Employees suffering from symptoms like acute respiratory illness such as cough, shortness of breath, and other similar conditions had to be separated from others or sent home. If any employee tests positive for COVID-19, the employer has obligations to notify the rest of the co-workers probably exposed while protecting the confidentiality of the ill employee. Employers have to follow the CDC, CMS, and state and local health authority guidelines to stay informed

Keep an eye out for symptoms

Source: vox.com

While there is a lot of information about the pandemic and staying safe already existing, we are all learning more about the virus every day, with so much research coming out regularly. Critical care employees must go through the requirement and stay up to date so they can protect themselves and stay ahead of what is happening. All employees have to get their temperatures checked and report their symptoms before beginning a shift. Furthermore, they should be told to monitor themselves as well and know what they should be looking for, which could include fever and any symptoms of respiratory illness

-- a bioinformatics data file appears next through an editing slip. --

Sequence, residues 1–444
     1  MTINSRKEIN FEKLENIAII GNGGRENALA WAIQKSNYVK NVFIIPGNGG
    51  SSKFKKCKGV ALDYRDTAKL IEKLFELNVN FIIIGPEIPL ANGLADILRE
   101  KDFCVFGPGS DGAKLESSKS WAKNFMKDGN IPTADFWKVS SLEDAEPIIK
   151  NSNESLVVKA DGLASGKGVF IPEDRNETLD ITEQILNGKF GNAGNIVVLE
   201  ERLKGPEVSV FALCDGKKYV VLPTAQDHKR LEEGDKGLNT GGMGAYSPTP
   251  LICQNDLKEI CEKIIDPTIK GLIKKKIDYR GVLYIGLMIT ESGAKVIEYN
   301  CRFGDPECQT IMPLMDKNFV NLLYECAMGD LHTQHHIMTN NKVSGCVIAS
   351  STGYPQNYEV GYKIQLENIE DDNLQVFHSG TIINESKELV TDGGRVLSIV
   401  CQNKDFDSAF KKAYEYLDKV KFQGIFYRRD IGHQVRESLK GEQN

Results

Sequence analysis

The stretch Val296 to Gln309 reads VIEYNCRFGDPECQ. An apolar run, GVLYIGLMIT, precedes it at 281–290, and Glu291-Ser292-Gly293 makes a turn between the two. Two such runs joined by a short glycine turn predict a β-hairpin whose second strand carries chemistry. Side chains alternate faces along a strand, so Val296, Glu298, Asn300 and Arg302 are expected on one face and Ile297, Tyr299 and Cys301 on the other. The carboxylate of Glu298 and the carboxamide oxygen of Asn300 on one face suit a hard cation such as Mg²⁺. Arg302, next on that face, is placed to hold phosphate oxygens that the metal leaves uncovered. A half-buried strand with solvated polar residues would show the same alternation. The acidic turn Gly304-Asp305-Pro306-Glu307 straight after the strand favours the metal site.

Employees traveling to high-risk areas

There are a lot of countries listed as high-risk areas, and if there were employees who traveled to those countries or returned from them, they had to mandatorily social distance for 14 days before getting in touch with anyone. Although they provided the information along with the names of the countries, the teams coordinating with them had to handle the process with tact, making sure they were not singling out anyone.

Receive compensation for mandatory time away from work

Source: pexels.com

Employers have to review whether they were paying their staff when they forced them to stay away from work since they could expose others to the virus. Critical care workers could not provide assistance remotely, unless they were remotely monitoring people and talking them through the symptoms, which is an important task as well, reducing the load on someone else. Considering all the circumstances, employers had to make sure they were treating everyone fairly. Additionally, people working in critical care were often putting more time into their work now than ever before. Their payment of compensations for the additional time that they are putting in was a massive requirement.